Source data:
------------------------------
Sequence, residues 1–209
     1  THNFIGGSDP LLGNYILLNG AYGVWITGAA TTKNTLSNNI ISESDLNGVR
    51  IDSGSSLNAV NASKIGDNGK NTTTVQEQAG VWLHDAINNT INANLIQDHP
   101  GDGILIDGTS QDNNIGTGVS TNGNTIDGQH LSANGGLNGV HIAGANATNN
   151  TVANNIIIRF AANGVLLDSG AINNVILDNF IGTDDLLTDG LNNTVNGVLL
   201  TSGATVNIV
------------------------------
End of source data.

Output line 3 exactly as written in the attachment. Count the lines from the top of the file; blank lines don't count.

    51  IDSGSSLNAV NASKIGDNGK NTTTVQEQAG VWLHDAINNT INANLIQDHP